Senator Bill Frist, a physician and transplant surgeon, began hearings to investigate the quality of government oversight and safety enforcement in gene therapy studies. And President Clinton demanded improvements in patient consent procedures and access to information about gene therapy research across the board.
Paul Gelsinger said he did not learn about any of the serious dangers his son was facing until it was too late. He didn’t know that two Rhesus monkeys had died in tests involving a gene delivery system similar to the one used with Jesse; he didn’t know that four other human patients had suffered toxicity to their livers earlier in the study.
For a time after Jesse’s death, Paul Gelsinger had defended the University of Pennsylvania gene therapy team believing they had done their best and had not deliberately risked Jesse’s life. He blamed the FDA for withholding vital information about this experiment from public scrutiny, information that would have made the researchers cautious about conducting the fatal experiment on his son. Now he is angry at both the FDA and the University of Pennsylvania team.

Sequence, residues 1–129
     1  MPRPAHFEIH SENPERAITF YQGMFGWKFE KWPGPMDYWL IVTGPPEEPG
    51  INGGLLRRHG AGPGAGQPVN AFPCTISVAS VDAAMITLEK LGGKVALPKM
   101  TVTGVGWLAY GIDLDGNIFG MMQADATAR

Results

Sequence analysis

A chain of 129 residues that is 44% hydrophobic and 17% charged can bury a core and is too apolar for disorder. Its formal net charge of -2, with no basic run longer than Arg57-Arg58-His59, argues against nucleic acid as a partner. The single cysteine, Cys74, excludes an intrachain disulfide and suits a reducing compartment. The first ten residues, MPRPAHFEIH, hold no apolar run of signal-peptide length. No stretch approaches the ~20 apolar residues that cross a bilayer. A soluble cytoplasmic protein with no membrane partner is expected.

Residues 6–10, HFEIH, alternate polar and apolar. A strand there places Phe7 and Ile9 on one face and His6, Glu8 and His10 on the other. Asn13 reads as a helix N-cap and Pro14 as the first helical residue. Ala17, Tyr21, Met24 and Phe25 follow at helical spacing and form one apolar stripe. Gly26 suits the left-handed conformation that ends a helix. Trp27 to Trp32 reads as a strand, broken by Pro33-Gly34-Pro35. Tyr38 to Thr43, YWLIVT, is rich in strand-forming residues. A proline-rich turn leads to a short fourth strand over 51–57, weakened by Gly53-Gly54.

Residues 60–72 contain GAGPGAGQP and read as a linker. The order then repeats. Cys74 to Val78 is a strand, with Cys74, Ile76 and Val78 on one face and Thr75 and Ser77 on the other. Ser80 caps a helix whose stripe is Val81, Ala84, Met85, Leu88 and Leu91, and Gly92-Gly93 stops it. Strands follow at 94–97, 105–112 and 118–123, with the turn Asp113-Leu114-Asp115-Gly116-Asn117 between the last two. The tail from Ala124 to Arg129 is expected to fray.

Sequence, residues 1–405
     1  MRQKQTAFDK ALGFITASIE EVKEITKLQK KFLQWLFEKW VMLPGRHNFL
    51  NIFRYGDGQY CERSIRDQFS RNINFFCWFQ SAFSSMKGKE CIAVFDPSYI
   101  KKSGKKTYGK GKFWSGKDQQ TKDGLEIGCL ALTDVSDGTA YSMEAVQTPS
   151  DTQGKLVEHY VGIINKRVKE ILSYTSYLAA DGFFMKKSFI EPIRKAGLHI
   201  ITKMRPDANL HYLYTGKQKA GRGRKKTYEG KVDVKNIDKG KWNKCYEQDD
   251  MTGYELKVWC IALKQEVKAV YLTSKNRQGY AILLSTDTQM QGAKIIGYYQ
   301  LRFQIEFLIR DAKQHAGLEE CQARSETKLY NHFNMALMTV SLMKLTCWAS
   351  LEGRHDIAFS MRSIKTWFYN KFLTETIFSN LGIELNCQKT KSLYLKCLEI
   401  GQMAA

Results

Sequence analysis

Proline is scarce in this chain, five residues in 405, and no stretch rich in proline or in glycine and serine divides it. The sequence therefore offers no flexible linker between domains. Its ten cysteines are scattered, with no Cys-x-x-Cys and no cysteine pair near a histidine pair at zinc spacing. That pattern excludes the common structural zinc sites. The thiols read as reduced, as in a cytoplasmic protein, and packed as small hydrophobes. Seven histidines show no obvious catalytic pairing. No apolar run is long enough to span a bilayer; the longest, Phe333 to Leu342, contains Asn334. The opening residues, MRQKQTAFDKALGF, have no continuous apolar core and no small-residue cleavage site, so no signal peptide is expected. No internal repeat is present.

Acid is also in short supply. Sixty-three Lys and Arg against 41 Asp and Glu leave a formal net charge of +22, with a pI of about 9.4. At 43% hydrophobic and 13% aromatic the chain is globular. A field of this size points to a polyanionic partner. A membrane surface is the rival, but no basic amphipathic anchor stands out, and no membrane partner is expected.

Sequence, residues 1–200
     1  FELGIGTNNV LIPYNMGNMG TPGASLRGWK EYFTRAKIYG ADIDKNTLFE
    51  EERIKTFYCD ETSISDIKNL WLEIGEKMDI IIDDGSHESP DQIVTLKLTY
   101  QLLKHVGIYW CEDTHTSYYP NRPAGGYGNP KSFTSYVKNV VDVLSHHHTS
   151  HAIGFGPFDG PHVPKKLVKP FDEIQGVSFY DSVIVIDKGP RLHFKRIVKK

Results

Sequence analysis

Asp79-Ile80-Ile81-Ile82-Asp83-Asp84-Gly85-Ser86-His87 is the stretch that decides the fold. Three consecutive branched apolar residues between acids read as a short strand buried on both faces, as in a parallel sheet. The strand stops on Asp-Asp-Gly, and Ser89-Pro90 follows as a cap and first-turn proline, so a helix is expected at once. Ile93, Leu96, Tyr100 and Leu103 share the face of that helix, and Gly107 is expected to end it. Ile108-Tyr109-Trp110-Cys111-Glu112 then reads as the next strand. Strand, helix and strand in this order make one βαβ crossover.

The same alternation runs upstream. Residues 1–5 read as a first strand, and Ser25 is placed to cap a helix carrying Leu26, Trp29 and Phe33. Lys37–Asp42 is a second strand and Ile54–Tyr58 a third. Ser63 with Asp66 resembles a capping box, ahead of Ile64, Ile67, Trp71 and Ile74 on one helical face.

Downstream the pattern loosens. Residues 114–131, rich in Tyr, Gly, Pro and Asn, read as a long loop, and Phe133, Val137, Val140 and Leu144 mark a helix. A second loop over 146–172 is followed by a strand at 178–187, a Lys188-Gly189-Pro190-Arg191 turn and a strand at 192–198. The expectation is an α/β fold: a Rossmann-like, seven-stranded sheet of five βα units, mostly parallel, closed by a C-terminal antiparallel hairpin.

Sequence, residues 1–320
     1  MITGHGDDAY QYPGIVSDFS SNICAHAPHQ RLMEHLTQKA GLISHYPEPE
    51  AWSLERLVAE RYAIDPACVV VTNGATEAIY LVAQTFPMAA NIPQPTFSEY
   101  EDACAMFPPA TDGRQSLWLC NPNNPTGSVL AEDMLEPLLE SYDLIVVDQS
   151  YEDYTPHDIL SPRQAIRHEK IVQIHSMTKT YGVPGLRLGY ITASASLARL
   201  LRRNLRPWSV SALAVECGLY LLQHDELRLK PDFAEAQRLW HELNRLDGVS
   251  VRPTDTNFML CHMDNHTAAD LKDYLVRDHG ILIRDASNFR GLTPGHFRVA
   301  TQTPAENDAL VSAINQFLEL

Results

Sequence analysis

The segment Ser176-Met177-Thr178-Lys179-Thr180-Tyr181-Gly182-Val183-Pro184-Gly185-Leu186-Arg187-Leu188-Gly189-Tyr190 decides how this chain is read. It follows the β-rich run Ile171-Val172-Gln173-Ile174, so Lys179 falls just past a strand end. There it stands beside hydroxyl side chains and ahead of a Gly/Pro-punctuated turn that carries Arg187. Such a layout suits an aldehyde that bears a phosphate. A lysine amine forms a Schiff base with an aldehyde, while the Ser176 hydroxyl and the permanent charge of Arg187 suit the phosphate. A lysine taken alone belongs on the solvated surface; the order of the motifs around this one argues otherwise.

In the wake of the experiment that killed his 18-year-old boy, regulators and academics have scrambled to try to improve patient protections and restore public confidence in medical research.
But truly informed consent may still be impossible. Among other things, it’s very difficult for anyone, whether a member of the general public or a skilled scientist, to learn details about the problems cropping up in gene therapy studies.
Even a new National Institute of Health (NIH) database on clinical trials, if it sticks to requirements for the agency’s existing Clinical Trials Data Bank for serious or life-threatening diseases, will include no information about adverse reactions to gene therapy treatments. Further, financial alliances and conflicts-of-interest will not be included.
The NIH already collects details on serious adverse events quarterly. The terse reports, however, only describe incidents from trials the agency helps fund — leaving out the ones paid for solely by industry — and that the investigators themselves judge to be directly connected to the treatment.